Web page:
This paper presents a fundamental investigation into scaling effects for the mechanical properties and electrical output power of piezoelectric vibration energy harvesters. The mechanical properties investigated in this paper include resonant frequency of the harvester and its frequency tunability, which is essential for the harvester to operate efficiently under broadband excitations. Electrical output power studied includes cases when the harvester is excited under both constant vibration acceleration and constant vibration amplitude. The energy harvester analysed in this paper is based on a cantilever structure, which is typical of most vibration energy harvesters. Both detailed mathematical derivation and simulation are presented. Furthermore, various piezoelectric materials used in MEMS and non-MEMS harvesters are also considered in the scaling analysis.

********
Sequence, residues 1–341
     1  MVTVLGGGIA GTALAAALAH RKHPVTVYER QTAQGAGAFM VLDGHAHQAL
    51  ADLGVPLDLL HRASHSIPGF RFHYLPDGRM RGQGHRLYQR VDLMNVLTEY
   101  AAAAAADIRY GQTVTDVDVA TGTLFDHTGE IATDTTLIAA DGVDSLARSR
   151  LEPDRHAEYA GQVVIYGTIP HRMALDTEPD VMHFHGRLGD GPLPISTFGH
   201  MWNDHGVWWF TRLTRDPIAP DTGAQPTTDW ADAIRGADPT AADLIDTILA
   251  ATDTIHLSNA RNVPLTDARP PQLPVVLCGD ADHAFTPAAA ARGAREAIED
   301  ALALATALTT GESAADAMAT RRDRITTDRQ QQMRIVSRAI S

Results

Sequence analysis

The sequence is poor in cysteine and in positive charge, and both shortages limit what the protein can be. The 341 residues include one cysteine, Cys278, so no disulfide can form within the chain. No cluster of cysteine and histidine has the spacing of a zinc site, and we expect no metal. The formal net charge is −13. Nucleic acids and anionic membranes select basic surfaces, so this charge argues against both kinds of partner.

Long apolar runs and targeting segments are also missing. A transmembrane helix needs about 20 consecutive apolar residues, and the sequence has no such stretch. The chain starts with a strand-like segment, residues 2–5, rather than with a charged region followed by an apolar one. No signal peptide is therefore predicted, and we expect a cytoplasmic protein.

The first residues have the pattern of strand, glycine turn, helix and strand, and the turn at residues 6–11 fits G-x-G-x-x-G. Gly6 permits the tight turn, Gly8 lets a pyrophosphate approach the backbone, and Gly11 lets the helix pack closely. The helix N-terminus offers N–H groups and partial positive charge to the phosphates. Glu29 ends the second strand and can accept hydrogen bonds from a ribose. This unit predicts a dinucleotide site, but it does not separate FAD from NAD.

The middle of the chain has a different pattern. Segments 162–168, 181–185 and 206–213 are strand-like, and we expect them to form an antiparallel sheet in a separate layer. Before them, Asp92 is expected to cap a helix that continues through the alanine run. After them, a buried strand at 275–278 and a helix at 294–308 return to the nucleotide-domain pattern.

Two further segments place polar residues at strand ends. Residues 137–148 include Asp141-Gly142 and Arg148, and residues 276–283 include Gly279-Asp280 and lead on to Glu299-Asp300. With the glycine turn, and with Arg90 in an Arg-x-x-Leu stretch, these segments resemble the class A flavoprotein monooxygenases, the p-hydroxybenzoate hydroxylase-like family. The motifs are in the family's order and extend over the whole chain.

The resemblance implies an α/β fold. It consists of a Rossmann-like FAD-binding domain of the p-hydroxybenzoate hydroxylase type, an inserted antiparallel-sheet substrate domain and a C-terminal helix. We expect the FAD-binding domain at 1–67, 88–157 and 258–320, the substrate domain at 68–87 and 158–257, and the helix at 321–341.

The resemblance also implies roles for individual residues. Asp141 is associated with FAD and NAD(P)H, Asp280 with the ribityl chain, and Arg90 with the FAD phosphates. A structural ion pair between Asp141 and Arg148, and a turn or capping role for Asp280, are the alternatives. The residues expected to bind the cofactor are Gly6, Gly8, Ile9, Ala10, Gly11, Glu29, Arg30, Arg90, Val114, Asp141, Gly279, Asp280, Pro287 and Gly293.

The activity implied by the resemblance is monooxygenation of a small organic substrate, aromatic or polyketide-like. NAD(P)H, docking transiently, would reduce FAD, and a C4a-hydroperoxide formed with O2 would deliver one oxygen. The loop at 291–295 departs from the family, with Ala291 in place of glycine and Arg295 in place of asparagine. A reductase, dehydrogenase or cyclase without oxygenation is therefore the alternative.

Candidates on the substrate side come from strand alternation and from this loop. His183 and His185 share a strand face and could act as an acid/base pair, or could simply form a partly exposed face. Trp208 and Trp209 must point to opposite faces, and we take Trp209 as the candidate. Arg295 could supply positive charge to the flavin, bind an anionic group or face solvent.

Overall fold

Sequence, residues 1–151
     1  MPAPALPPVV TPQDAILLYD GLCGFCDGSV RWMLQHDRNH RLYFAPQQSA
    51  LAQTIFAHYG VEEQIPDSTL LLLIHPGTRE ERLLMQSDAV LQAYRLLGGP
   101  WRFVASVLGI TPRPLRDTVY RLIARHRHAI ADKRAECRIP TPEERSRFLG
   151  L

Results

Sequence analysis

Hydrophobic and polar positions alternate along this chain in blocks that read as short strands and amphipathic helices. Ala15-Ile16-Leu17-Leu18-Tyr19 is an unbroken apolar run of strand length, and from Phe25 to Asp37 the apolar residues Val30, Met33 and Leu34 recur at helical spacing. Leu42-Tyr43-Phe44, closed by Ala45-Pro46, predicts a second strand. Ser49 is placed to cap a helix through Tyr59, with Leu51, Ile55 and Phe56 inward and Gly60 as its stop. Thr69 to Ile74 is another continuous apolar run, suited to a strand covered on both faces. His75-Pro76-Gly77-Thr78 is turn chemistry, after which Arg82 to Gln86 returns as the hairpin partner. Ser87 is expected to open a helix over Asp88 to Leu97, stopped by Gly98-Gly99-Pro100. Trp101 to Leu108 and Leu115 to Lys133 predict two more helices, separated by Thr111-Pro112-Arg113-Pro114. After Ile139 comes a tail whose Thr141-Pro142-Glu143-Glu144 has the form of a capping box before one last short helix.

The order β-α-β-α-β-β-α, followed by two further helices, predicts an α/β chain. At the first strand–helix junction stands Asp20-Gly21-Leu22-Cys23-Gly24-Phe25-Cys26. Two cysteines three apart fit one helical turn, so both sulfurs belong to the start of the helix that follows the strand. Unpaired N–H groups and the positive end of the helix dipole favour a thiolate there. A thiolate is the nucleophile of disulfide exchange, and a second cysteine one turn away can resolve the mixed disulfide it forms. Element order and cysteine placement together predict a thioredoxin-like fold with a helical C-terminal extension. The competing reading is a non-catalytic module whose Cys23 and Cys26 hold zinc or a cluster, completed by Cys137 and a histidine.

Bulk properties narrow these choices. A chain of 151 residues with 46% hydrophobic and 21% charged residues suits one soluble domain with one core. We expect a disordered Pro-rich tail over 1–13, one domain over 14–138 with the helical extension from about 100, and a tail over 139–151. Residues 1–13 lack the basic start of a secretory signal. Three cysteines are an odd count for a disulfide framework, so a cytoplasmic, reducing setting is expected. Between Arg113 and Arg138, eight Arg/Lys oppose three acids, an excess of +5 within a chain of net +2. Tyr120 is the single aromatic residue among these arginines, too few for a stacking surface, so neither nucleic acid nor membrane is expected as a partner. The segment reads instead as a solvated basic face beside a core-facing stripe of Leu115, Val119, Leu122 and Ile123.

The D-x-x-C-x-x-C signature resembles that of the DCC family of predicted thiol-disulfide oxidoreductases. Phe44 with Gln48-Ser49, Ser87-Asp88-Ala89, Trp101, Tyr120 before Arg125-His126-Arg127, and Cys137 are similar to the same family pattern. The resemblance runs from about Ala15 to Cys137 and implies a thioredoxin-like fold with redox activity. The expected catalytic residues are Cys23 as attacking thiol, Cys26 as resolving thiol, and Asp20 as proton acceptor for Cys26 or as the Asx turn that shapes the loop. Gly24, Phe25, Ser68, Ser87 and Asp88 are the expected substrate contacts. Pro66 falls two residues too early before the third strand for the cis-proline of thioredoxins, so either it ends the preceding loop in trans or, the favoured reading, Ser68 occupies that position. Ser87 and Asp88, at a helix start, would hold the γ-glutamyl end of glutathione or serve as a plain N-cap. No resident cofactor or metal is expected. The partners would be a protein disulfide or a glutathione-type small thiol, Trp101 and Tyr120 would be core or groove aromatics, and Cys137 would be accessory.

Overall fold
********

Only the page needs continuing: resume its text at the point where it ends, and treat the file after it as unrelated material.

This paper reviews work at the University of Southampton and its spin-out company Perpetuum towards the use of vibration energy harvesting in real applications. Perpetuum have successfully demonstrated vibration-powered condition monitoring systems for rail and industrial applications. They have pursued applications were volume is not a particular constraint and therefore sufficient power can be harvested. Harvester reliability and longevity is a key requirement and this can be a challenging task in high shock environments. The University of Southampton has investigated the miniaturization of the technology. MEMS electromagnetic harvesters were found to be unsuitable although miniaturized devices fabricated using bulk components did perform well. Screen printed piezoelectric harvesters were also found to perform well and were ideally suited to a low profile application where device thickness was limited. Screen printing was not only used to deposit the active piezoelectric material but also an inertial mass ink based on tungsten. This enables the device to be printed entirely by screen printing providing a low-cost route to manufacture. Finally, details of a simulation tool that can take real world vibrations and estimate vibration energy harvester output was presented. This was used to simulate linear and nonlinear harvesters and in many applications with a characteristic resonant frequency the linear approach was found to be the optimum. Bistable nonlinear harvesters were found to work better with more random vibration sources.